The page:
In 1991 James Martin took these ideas and turned RAD processes into another methodology, confuslingly called RAD.
There are four phases in the James Martin-defined RAD methodology:
Developed out of the RAD group.
Agile manifesto – 2001
“The basic idea behind iterative enhancement is to develop a software system incrementally, allowing the developer to take advantage of what was being learned during the development of earlier, incremental, deliverable versions of the system. Learning comes from both the development and use of the system, where possible. Key steps in the process were to start with a simple implementation of a subset of the software requirements and iteratively enhance the evolving sequence of versions until the full system is implemented. At each iteration, design modifications are made along with adding new functional capabilities. ” Vic Basili and Joe Turner, 1975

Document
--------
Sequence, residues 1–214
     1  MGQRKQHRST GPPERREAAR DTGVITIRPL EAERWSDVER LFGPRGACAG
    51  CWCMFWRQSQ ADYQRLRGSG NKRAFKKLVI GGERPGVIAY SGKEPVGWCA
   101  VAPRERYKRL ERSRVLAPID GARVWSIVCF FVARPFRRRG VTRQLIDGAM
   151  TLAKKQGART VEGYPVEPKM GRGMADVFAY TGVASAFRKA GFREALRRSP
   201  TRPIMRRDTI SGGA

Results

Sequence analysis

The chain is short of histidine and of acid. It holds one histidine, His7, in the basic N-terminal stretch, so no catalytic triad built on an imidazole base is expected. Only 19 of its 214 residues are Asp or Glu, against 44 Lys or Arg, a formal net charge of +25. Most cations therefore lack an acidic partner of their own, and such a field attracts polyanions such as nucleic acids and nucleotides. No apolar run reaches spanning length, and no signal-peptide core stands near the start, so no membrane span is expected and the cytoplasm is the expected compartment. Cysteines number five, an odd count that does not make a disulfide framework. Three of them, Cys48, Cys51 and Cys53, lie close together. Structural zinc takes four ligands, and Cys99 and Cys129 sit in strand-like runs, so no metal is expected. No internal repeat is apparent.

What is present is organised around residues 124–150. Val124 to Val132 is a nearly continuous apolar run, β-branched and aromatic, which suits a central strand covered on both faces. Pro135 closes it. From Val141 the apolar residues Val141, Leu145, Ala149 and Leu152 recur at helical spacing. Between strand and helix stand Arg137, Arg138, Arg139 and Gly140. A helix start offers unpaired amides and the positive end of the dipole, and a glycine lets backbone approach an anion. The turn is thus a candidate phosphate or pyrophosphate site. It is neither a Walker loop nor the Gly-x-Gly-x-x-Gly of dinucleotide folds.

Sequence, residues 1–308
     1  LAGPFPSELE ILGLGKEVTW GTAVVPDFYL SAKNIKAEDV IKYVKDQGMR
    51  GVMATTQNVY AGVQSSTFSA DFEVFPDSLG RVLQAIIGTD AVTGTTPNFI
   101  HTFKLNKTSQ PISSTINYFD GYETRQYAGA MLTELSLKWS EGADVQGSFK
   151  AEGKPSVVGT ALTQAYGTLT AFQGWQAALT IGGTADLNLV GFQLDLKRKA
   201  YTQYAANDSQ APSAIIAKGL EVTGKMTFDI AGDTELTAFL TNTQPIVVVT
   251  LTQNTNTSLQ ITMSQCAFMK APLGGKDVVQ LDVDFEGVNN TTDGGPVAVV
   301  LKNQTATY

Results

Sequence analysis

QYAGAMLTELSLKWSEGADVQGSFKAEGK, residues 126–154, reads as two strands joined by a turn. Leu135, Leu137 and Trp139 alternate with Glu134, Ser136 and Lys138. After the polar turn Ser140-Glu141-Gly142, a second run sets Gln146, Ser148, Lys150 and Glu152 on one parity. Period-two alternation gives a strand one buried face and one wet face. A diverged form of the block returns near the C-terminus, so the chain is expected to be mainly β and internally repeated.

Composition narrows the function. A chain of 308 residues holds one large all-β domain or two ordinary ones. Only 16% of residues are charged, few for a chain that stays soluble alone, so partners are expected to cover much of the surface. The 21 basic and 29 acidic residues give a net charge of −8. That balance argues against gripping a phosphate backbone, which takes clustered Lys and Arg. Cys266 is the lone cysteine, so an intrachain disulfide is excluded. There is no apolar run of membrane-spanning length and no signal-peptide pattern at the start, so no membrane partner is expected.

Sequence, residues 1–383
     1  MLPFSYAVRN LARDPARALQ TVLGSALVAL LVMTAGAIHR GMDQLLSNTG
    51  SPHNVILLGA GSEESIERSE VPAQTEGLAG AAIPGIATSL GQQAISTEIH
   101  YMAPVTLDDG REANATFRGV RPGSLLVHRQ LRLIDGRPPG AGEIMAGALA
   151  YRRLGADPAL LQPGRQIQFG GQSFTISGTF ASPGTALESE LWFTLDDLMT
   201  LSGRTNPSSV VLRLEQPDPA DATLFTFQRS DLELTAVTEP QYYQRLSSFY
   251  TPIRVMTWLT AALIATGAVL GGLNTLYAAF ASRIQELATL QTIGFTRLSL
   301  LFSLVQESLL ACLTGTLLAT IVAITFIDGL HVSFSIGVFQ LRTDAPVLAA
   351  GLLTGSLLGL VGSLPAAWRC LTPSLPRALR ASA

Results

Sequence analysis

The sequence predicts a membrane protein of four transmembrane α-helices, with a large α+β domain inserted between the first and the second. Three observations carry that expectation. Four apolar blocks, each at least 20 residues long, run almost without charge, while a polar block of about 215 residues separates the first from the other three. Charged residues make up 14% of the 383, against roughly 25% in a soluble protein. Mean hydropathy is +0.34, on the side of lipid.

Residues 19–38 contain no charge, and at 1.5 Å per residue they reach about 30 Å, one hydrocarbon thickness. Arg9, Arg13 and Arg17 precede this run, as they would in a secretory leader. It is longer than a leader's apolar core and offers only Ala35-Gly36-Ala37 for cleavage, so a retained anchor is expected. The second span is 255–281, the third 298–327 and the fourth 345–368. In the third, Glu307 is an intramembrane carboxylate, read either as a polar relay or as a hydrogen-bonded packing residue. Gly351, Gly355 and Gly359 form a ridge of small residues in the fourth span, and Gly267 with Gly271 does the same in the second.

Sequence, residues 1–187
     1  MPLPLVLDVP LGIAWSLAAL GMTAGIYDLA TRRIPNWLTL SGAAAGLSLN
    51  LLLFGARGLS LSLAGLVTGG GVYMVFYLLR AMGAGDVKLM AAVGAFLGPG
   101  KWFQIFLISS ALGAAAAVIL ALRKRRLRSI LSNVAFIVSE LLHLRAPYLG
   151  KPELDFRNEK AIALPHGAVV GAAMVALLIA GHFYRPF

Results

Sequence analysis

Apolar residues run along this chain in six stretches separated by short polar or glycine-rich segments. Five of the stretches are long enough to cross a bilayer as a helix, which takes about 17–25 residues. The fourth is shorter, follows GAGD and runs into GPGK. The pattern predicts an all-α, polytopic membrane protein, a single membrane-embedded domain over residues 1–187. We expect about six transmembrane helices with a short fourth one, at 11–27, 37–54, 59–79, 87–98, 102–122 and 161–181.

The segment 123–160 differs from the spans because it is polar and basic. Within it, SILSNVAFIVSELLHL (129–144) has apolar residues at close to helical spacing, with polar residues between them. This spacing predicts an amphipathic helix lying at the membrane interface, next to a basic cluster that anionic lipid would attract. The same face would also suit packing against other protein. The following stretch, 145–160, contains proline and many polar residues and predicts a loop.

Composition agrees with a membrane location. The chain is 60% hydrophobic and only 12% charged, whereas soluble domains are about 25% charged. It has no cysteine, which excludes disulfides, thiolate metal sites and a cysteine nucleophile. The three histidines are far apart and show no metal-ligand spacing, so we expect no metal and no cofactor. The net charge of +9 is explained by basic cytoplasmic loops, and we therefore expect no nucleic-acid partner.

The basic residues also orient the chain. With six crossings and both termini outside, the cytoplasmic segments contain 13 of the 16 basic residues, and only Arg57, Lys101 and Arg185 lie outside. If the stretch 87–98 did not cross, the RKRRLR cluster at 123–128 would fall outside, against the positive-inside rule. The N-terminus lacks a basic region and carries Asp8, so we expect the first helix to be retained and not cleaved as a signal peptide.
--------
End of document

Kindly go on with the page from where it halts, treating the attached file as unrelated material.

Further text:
Agile is interesting because it is not a method in itself, it is a proposal for a certain kind of development culture, under which various methodologies have come to find a home. Agile, in other words, is a set of values or principles.
Dave Thomas has made a good presentation on the problems with turning Agile into a complex method when actually it was intended as a set of values. https://www.youtube.com/watch?v=a-BOSpxYJ9M
…and his blog post: http://pragdave.me/blog/2014/03/04/time-to-kill-agile/